Introduction by Nirperformance.com staff
This technical article looks at the growing importance and potential of on-farm NIR analysis of forage, with a focus on calibration transfer.
The article looks at how the implementation of on-farm NIRS analysis for quality control of unground samples can help to make optimal use of forage resources for ruminant nutrition.
Getting the nutrition right helps to reduce the cost of production while increasing the accuracy of rations and minimizing negative environmental impacts. Beyond basic nutritional concerns, NIRS technology functions as a tool to increase traceability, quality control and safety in the agro-livestock sector, thereby supporting the decision making process.
“The greatest and simplest role of rapid NIR analysis on the farm may be the determination of the daily changes in fresh and preserved forages for ration adjustments, because their variation in moisture content can dramatically affect nutrient contribution of each ingredient in the final mixing ration,” says de la Roza-Delgado.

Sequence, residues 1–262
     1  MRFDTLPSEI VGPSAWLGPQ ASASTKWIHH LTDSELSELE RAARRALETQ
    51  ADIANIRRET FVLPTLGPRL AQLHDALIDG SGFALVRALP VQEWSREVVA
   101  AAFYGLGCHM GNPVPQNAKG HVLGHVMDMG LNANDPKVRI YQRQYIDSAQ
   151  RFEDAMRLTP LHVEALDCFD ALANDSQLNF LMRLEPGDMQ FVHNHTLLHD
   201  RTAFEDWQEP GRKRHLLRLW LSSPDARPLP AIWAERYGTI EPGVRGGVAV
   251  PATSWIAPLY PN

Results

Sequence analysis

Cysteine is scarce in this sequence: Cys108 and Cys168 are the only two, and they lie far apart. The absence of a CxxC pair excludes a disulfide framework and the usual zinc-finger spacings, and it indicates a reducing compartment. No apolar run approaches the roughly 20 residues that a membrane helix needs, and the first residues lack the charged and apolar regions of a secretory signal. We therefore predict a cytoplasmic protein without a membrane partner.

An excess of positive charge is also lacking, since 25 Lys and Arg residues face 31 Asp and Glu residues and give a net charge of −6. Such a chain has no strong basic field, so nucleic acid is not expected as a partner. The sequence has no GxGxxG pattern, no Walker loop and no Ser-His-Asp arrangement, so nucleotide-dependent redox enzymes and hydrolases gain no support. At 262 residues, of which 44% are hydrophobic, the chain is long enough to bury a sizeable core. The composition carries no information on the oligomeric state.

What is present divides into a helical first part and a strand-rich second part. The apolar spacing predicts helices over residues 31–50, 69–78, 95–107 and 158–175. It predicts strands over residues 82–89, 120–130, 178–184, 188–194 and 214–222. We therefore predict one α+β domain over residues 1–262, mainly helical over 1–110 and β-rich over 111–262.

As many NIR calibrations are built up over many years of hard work, a key concern is the possibility of transferring large databases to new devices, thus avoiding the need to develop new applications. “It would be very inefficient to start again from scratch,” she says.
Nevertheless there is a need for more co-operation with the research community to promote added value as well as quality control systems offering fast and accurate results.
In terms of in-situ quality control on-farms, the integration of portable NIR sensors with communication technologies is important, as is software designed for spectral data treatment. The design of a Graphical User Interface (GUI) as a decision-making support platform, currently being developed by the NIRS research group, University of Cordoba, under supervision of Prof. Ana Garrido-Varo, is an example of such a solution.
“To establish an in-situ, non-destructive quality control and integral NIRS support service; the NIR instrument manufacturers should consider redesigning and adapting devices with different optimizations for animal nutrition applications, especially in terms of wavelength range, spectral resolution and sampling area size,” concludes de la Roza-Delgado “These aspects have relevant influence on the predictive ability of NIRS spectrophotometers for heterogeneous and high particle size sample.”